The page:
Day 23 of the 30 days of gratitude challenge is my greatest accomplishment. This one’s quite hard! I could rattle through a list of things I’m proud of having done or accomplished, but that risks making it sound like my CV. And there’s a difference between an accomplishment which you can tick off or talk about every now again, and an accomplishment which makes you feel like you’ve actually accomplished something on a regular basis.
With that in mind, I think my greatest accomplishment is having lived abroad. I lived and worked in France for a year as part of my university degree. You can be as prepared as possible for living in a foreign country and I was able to speak and understand French pretty well since I was studying it, but no matter which way you look at it, it’s still a big culture shock. Everything is different, not necessarily in a bad way, but it takes some getting used to. I went through a stage where I didn’t know what my identity was because I couldn’t express myself in French in the same way I do English. I can’t fully explain what it feels like to live abroad, I think even if you move abroad with your family, it still feels incredibly lonely and, well, foreign, at first.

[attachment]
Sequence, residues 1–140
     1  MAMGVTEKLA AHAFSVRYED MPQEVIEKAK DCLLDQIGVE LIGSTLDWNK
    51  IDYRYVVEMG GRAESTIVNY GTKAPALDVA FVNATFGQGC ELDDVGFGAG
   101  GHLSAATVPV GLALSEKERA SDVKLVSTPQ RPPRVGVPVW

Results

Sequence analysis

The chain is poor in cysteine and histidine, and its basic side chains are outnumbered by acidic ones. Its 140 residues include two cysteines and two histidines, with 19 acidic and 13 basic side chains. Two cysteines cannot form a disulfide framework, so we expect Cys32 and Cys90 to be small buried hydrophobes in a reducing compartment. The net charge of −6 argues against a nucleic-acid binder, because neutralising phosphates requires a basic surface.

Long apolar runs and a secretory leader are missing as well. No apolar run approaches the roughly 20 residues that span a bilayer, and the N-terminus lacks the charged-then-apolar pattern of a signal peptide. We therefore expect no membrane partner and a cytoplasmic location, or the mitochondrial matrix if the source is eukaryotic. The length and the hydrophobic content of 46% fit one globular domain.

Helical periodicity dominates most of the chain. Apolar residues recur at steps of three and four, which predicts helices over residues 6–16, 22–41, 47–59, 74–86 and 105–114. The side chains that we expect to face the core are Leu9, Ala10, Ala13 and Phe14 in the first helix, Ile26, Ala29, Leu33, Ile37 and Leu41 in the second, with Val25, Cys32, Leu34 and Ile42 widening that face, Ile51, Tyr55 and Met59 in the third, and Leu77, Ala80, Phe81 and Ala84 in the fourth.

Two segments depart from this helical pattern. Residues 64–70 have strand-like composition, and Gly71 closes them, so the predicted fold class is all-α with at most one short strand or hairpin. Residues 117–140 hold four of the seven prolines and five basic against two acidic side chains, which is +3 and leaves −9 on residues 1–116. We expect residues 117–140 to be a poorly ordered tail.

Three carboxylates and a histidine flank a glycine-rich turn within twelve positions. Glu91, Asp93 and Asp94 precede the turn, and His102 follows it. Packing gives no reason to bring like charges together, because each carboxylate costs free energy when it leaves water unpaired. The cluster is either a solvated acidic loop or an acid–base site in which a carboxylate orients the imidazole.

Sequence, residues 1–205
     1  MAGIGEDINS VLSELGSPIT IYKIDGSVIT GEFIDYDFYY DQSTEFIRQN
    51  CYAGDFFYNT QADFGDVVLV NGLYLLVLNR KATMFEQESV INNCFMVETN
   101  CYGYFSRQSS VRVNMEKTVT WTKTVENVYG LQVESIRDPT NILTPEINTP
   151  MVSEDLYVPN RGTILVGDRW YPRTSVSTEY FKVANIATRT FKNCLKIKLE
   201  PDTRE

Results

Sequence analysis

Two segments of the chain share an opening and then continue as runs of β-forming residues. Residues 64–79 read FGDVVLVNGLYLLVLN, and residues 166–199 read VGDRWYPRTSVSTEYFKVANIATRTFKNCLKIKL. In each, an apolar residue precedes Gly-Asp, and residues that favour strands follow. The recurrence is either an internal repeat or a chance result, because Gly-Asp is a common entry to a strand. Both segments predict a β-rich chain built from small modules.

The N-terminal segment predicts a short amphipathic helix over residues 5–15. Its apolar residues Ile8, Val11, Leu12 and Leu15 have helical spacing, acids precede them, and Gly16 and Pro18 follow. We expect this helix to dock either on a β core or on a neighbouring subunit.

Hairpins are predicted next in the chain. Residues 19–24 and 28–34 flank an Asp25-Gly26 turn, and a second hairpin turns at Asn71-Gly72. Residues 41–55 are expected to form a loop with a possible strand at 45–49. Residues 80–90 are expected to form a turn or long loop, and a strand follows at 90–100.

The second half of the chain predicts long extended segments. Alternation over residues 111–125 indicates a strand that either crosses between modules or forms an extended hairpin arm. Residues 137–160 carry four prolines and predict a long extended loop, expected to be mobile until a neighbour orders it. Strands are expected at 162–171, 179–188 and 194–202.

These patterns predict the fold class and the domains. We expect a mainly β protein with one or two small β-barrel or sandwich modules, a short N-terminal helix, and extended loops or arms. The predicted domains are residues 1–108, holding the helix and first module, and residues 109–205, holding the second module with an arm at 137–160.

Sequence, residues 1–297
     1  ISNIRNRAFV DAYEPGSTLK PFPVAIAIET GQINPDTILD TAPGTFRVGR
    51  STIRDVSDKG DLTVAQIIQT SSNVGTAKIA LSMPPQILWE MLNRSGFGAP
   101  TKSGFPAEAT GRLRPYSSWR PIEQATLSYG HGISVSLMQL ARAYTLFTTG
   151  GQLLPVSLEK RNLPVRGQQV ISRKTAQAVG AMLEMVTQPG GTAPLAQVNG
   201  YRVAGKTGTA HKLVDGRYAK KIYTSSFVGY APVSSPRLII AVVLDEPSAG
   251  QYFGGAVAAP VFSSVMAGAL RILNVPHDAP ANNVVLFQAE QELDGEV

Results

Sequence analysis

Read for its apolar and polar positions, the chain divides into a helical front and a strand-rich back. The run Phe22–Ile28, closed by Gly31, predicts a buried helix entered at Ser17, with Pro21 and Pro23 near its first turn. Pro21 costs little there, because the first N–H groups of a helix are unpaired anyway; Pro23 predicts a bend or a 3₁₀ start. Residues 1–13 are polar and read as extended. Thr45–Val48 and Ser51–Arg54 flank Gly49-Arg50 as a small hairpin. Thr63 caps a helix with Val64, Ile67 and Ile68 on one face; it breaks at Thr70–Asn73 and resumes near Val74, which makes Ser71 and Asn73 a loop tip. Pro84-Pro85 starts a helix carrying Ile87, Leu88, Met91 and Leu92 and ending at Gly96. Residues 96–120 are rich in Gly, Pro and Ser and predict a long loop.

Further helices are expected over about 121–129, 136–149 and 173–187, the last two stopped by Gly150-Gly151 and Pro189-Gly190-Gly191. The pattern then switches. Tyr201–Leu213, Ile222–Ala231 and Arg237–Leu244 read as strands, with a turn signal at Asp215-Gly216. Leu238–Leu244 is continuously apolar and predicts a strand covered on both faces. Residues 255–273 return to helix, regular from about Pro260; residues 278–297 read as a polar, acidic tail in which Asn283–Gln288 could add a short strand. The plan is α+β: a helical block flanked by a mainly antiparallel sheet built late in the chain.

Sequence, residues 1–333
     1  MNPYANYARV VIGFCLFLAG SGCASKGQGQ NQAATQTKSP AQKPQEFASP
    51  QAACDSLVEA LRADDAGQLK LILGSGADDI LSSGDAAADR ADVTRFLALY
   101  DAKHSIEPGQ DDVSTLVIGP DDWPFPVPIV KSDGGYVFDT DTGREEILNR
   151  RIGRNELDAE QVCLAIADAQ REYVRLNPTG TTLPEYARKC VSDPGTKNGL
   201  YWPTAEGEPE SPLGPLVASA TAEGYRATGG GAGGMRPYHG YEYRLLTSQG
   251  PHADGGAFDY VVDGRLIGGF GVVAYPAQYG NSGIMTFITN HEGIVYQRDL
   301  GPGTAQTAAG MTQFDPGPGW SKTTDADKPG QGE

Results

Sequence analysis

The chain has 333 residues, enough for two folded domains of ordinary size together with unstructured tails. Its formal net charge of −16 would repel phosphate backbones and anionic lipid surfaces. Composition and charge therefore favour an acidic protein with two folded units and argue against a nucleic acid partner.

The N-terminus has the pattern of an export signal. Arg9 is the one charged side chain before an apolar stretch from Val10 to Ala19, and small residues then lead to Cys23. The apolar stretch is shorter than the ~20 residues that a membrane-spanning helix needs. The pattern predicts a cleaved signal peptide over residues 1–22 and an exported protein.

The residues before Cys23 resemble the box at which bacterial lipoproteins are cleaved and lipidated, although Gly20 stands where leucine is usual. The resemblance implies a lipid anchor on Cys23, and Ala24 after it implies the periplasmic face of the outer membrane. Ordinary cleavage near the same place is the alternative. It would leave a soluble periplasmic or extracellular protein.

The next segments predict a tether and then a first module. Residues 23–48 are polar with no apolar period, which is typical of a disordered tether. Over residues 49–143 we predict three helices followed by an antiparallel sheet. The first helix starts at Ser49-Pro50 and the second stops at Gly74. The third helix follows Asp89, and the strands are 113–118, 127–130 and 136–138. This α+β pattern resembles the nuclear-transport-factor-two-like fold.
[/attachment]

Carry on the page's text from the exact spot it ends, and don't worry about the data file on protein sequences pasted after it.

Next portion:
So managing to feel settled and like I belonged there is an achievement. And I think it’s my greatest achievement because of what it taught me:
– I learnt how to be happy in my own company. I went running and traveled a bit by myself.
– I know I can get myself out of most situations if I put my mind to it. I was a bit unlucky while I was there: I dislocated my shoulder in a ski accident, I injured my knee and had to have a knee op, my husband’s car broke down and we had to get it repaired, my jaw locked itself shut, and I got lost in strange cities a few times. If I can negotiate all that in a foreign language, I know I can definitely do most things in English.
– it reminds me that there’s 2 sides to every story. Things don’t translate 100% between languages, a lot of the time nuances or implications don’t quite work. The way you phrase things is important, but not everyone thinks that way. So sometimes you have to try and see things from the other side to fully understand.
– I know what it feels like to live and learn in a foreign language, which helped me no end when teaching.
– I learnt how to stand up for myself. Once I’d found my identity in French, I realised that I spoke my mind more often and was more assertive. This wasn’t a bad thing because I’m very much a person who wants to please people, even if it’s at my own expense. Now I’m back in England, if I need to be more assertive, I think in French.
– it taught me to respect others cultures. I think most people would say that they’re tolerant of other people’s beliefs and cultures, I thought that too, but I don’t think you can fully appreciate it until you’ve had to live completely differently.
Living abroad is something that not very many people have accomplished, so I’m proud of that fact. The experience I got from it is something that I can look back on in many situations and I’m really grateful for the experiences it brought me.